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NEW YORK TIMES BESTSELLER • The inspiring true story of transgender actor and activist Nicole Maines, whose identical twin brother, Jonas, and ordinary American family join her on an extraordinary journey to understand, nurture, and celebrate the uniqueness in us all. Nicole appears as TV’s first transgender superhero on CW’s Supergirl When Wayne and Kelly Maines adopted identical twin boys, they thought their lives were complete. But by the time Jonas and Wyatt were toddlers, confusion over Wyatt’s insistence that he was female began to tear the family apart. In the years that followed, the Maineses came to question their long-held views on gender and identity, to accept Wyatt’s transition to Nicole, and to undergo a wrenching transformation of their own, the effects of which would reverberate through their entire community. Pulitzer Prize–winning journalist Amy Ellis Nutt spent almost four years reporting this story and tells it with unflinching honesty, intimacy, and empathy. In her hands, Becoming Nicole is more than an account of a courageous girl and her extraordinary family. It’s a powerful portrait of a slowly but surely changing nation, and one that will inspire all of us to see the world with a little more humanity and understanding. Named One of the Ten Best Books of the Year by People • One of the Best Books of the Year by The New York Times Book Review and Men’s Journal • A Stonewall Honor Book in Nonfiction • Finalist for the Lambda Literary Award for Transgender Nonfiction “Fascinating and enlightening.”—Cheryl Strayed “If you aren’t moved by Becoming Nicole, I’d suggest there’s a lump of dark matter where your heart should be.”—The New York Times “Exceptional . . . ‘Stories move the walls that need to be moved,’ Nicole told her father last year. In telling Nicole’s story and those of her brother and parents luminously, and with great compassion and intelligence, that is exactly what Amy Ellis Nutt has done here.”—The Washington Post “A profoundly moving true story about one remarkable family’s evolution.”—People “Becoming Nicole is a miracle. It’s the story of a family struggling with—and embracing—a transgender child. But more than that, it’s about accepting one another, and ourselves, in all our messy, contradictory glory.”—Jennifer Finney Boylan, former co-chair of GLAAD and author of She’s Not There: A Life in Two Genders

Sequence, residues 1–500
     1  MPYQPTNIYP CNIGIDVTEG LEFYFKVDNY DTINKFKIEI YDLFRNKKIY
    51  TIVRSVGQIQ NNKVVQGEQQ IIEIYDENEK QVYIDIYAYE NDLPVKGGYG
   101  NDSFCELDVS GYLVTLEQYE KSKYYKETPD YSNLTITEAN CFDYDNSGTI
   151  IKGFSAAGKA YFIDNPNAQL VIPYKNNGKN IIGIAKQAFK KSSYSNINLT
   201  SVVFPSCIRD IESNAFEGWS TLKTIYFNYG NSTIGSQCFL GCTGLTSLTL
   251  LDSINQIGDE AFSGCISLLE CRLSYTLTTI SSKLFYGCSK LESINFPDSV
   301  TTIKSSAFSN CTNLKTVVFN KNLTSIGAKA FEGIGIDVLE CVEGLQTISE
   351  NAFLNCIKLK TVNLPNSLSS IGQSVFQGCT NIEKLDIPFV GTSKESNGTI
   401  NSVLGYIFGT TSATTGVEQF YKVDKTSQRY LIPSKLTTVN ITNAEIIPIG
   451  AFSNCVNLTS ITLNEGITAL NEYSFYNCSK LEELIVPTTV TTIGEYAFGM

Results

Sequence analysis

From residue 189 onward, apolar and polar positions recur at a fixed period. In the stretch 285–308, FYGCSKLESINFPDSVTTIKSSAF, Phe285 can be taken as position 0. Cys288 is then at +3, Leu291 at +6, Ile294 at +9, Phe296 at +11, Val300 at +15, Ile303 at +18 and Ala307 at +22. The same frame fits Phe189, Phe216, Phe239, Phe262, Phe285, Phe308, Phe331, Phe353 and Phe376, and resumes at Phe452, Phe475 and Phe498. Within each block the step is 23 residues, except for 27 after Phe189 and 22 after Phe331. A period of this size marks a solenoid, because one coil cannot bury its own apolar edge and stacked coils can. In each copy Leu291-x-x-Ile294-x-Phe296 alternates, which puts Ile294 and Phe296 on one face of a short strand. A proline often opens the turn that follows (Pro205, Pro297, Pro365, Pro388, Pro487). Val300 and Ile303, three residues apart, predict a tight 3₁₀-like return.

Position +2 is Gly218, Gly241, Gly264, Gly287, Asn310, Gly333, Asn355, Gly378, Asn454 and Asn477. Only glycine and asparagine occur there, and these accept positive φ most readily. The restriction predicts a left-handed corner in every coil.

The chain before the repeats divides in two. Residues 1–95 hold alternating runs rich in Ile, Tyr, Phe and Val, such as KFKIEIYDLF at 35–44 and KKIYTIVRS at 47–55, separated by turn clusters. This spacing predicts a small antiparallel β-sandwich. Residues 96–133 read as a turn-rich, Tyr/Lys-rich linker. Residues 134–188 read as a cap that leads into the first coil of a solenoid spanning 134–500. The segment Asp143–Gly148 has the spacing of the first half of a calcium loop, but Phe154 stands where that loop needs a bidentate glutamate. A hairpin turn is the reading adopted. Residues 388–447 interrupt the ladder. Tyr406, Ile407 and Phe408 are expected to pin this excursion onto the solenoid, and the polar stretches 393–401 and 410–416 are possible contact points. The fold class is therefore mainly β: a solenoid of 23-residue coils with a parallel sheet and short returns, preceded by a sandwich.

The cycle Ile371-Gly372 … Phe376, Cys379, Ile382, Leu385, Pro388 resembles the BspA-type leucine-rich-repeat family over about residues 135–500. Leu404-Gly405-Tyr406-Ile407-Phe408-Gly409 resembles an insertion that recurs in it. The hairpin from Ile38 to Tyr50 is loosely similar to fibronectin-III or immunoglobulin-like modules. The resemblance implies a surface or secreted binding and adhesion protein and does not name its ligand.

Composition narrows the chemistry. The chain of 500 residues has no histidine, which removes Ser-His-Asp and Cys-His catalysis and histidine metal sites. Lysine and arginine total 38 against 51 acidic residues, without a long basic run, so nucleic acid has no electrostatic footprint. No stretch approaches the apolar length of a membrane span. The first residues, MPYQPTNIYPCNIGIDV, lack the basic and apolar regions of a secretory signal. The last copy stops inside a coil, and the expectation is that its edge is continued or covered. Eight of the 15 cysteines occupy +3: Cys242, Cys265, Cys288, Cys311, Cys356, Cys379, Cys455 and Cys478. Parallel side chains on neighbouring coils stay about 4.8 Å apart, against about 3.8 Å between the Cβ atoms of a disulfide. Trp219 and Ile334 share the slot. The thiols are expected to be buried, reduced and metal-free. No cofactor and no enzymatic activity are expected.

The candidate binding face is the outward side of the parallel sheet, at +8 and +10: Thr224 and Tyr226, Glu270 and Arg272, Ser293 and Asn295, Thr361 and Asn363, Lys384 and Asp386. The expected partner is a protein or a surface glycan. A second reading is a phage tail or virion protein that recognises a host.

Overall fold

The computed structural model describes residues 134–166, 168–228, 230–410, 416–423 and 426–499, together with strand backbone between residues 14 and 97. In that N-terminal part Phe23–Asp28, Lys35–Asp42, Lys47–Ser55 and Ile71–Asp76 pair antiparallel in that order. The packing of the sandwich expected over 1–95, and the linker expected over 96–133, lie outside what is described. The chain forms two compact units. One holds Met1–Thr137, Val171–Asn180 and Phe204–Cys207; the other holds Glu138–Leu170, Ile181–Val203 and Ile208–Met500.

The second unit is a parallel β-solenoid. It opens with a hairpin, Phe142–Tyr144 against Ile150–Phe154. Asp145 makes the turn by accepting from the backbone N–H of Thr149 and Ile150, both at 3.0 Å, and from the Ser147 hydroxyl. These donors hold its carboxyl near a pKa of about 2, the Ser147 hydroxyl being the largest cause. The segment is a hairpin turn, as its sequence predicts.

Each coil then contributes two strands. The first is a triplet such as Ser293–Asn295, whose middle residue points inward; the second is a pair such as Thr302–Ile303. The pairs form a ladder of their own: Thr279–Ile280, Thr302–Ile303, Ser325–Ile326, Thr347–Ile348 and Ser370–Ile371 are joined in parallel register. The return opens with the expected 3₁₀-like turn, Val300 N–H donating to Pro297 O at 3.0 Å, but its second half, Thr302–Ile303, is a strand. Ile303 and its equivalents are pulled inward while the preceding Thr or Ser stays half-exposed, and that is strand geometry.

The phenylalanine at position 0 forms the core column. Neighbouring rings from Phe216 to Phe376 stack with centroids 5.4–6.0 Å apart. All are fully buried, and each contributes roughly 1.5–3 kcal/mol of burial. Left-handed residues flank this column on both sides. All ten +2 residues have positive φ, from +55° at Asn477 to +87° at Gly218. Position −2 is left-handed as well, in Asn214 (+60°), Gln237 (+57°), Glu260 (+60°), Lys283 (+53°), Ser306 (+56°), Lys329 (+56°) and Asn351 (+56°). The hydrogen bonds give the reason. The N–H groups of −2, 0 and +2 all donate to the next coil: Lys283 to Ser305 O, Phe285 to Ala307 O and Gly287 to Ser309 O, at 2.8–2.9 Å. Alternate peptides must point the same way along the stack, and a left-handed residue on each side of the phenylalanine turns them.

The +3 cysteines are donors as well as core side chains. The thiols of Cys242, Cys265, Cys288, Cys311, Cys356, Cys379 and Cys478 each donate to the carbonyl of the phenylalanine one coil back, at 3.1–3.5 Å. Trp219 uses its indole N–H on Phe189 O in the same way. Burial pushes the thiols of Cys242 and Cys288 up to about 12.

"The Maines were a middle-class, hard-working, politically conservative New England couple whose lives felt complete when they adopted identical twin sons. As toddlers, Jonas was the son Kelly and Wayne Maines expected, but Wyatt was only interested in girls' clothes and toys. By age five, this conflict was tearing Wyatt--and the family--apart. Today, Wyatt is Nicole. She and Jonas are now graduating from high school. This is the story of a journey that could have destroyed a family, but instead united them"--